Lake Mills building to get repairs

Published 10:45 am Thursday, February 10, 2011

The brick building at the corner of Main and Mill streets in Lake Mills, Iowa, is undergoing renovations to attract new retail to the area. -- Michelle Haacke/Albert Lea Tribune

LAKE MILLS, Iowa — The cornerstone building of one local community’s Main Street is getting a facelift.

Built by P.M. Joice in 1900, the prominent brick structure at the corner of Main and Mill streets in Lake Mills doesn’t look so bad from the outside.

Split into four different business entrances along Main Street, two of the spaces are currently occupied: one the home of Youth for Christ and the other, the home of Helgeson Appraisal & Realty.

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The two empty spaces, however, have been unoccupied for awhile and a gander inside those vacancies tells a different story.

“The old jewelry store’s been vacant since 1996, and the roof fell in,” said Scott Helgeson, who serves on the board of directors for Lake Mills Entertainment Inc., the nonprofit organization working on the renovations. “The roof was in the basement.”

Next door, which was home to an insurance company until Jan. 1, 2010, wasn’t in much better shape.

But tearing the building down wasn’t an option for the proud people of this north Iowa community.

“All of us but one on the board have been in Lake Mills all of our lives, and we just couldn’t see this building not being here,” he said.

Like when the old theater closed, the community banded together again to see what could be done. LMEI, Helgeson said, went to the city and various businesses, the state of Iowa and every alumnus to ever pass through Lake Mills, seeking funding.

An $82,000 contribution from the city and another $35,000 from the John K. and Luise V. Hansen Foundation were among contributions to turn this building around. It started with the re-roofing, which Helgeson said was a very labor-intensive task because of all of the cleanup involved in removing debris from the old roof that had fallen in.

Last summer, LMEI received another $150,000 from the city’s tax increment financing. This will go toward new windows and flooring in both spaces and the repair or replacement of the stained glass windows. New rafters will replace rotting ones and new furnaces will be installed. The electricity will need to be updated, as well.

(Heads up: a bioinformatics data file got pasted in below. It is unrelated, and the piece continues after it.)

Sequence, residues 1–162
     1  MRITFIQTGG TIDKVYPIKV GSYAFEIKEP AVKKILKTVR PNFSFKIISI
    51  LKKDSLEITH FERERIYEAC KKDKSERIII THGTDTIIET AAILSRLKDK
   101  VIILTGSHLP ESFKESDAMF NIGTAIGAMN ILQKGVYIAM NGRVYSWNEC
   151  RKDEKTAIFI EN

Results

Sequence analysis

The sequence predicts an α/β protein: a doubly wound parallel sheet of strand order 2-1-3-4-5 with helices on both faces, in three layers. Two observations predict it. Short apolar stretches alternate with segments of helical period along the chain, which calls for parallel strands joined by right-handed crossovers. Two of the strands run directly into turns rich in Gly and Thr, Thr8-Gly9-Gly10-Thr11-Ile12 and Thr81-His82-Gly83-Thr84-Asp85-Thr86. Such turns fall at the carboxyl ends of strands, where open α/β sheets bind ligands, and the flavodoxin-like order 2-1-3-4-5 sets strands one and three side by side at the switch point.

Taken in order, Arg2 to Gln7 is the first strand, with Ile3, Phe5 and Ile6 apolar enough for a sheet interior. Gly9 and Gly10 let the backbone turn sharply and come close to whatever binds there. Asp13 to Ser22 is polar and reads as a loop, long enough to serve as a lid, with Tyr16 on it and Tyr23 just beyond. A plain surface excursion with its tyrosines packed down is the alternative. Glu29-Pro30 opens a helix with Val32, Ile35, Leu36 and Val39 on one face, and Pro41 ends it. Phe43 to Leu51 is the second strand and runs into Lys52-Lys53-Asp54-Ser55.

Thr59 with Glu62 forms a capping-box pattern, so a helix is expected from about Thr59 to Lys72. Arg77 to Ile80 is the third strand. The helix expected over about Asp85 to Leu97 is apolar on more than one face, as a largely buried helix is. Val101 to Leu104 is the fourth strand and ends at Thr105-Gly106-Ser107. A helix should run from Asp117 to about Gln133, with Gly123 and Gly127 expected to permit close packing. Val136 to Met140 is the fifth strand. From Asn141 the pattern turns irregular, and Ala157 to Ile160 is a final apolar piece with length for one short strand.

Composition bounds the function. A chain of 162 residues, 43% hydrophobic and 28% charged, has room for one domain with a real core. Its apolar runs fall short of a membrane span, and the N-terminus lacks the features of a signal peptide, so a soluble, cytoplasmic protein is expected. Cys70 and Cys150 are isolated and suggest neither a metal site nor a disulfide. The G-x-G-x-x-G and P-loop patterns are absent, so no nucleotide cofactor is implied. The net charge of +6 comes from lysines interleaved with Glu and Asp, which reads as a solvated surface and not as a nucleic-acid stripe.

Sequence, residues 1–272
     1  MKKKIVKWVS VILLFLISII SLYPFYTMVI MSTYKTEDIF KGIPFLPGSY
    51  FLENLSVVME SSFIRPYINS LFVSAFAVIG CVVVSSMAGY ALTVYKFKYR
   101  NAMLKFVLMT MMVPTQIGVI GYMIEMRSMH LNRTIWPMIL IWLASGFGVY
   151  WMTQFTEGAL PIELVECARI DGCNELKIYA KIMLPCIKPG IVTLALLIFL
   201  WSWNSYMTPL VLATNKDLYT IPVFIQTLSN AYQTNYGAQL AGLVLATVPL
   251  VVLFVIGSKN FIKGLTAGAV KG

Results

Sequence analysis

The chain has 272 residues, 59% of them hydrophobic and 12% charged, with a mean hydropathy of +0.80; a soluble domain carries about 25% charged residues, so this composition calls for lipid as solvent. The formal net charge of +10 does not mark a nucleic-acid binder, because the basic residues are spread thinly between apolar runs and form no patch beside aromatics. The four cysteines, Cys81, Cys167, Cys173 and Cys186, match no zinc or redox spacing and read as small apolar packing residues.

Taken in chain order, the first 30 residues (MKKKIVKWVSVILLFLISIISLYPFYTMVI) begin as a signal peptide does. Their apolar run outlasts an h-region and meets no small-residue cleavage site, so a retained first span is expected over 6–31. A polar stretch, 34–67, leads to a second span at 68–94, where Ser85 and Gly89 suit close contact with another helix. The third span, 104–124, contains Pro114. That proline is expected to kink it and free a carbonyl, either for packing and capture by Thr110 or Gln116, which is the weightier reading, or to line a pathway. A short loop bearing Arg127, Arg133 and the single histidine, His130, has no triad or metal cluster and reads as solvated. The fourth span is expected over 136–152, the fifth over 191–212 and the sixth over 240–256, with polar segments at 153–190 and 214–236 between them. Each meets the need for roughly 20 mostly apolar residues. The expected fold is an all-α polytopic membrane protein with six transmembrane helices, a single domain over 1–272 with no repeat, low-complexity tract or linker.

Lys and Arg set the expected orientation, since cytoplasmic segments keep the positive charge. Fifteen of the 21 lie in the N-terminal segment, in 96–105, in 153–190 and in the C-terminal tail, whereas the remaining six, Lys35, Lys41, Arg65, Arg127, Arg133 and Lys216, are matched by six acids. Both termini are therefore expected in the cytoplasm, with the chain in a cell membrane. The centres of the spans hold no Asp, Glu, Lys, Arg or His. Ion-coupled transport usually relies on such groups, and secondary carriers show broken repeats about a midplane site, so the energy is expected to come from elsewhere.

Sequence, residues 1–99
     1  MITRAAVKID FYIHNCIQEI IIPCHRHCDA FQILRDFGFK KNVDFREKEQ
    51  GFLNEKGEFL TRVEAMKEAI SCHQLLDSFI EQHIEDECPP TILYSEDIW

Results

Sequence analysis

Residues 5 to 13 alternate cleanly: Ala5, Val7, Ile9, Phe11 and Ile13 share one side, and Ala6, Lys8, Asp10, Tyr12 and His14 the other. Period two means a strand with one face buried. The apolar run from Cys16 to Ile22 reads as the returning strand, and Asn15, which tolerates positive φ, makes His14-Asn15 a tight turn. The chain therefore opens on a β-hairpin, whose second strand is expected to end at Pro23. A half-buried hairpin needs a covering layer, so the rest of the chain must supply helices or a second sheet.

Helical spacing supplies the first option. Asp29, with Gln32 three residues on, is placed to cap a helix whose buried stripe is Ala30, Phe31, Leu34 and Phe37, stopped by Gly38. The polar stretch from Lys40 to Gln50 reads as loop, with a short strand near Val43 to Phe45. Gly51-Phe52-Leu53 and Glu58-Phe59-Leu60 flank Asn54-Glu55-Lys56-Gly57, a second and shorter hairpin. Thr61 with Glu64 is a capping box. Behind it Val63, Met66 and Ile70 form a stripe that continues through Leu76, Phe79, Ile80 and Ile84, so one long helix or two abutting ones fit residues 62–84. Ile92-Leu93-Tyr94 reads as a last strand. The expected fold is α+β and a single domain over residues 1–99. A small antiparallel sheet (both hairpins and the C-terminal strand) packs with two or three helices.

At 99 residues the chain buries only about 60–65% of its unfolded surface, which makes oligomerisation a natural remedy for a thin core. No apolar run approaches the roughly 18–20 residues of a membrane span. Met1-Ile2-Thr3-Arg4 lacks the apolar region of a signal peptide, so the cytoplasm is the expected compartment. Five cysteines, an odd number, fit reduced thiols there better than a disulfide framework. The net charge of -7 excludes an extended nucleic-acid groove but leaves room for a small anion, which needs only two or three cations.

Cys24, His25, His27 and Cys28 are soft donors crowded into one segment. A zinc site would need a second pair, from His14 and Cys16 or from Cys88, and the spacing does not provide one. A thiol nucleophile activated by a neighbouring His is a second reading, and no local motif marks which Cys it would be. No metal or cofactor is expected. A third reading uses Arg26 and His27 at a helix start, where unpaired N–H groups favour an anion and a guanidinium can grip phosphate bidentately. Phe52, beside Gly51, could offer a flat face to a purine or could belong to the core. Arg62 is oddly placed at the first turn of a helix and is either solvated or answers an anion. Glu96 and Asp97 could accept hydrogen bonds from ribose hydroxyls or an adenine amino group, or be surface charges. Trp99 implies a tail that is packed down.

The goal is to get the main levels in each of these two vacancies restored to lease out for retail space. Helgeson hopes the spaces will be completed and rentable by the end of summer.

“Nothing formal’s been done yet, but we’ve had inquiries from a restaurant that wants to rent out both spaces,” Helgeson said.

While Helgeson said there have been suggestions to renovate the second-story spaces into apartment units, he said he has no plans of doing that at this time.

“We’re just trying to get the main floors back into shape,” he said.

While it’s not certain what will happen in the basement levels of the two spaces under renovation, even in a neglected state, both are rich in Lake Mills history. Vaults remain on the main floor and in the basement of the corner spot, which was home to First National Bank when the building was originally built. Remnants of an old barbershop are in another nook of the basement, which Helgeson remembers going to as a kid.

In addition, a few more updates are in store next door at The Mills Theater, which LMEI restored and reopened just a few years back. Helgeson said an expansion includes a second screen and an additional 90 seats being added. New digital signage is slated to be installed outside the theater this March, as well.